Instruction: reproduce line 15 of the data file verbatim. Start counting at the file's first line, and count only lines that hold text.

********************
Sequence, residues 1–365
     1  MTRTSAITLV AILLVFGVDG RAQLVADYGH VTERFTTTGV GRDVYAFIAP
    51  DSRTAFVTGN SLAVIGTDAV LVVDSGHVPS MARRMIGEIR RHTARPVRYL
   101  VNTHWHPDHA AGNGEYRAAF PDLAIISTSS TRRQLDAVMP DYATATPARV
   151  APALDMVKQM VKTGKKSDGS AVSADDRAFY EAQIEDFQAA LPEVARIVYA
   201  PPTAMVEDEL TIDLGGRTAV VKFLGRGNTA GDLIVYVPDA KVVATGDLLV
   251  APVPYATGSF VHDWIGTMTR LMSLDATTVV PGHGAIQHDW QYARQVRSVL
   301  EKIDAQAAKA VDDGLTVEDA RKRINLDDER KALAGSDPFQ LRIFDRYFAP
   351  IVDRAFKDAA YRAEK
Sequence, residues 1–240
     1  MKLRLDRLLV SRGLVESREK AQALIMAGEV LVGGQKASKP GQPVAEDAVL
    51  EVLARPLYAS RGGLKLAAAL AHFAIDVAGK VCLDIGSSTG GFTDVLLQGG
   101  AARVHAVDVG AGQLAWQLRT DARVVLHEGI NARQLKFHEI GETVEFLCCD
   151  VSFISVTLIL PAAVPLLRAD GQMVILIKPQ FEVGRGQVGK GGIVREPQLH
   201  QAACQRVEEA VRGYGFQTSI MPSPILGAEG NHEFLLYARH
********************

   201  QAACQRVEEA VRGYGFQTSI MPSPILGAEG NHEFLLYARH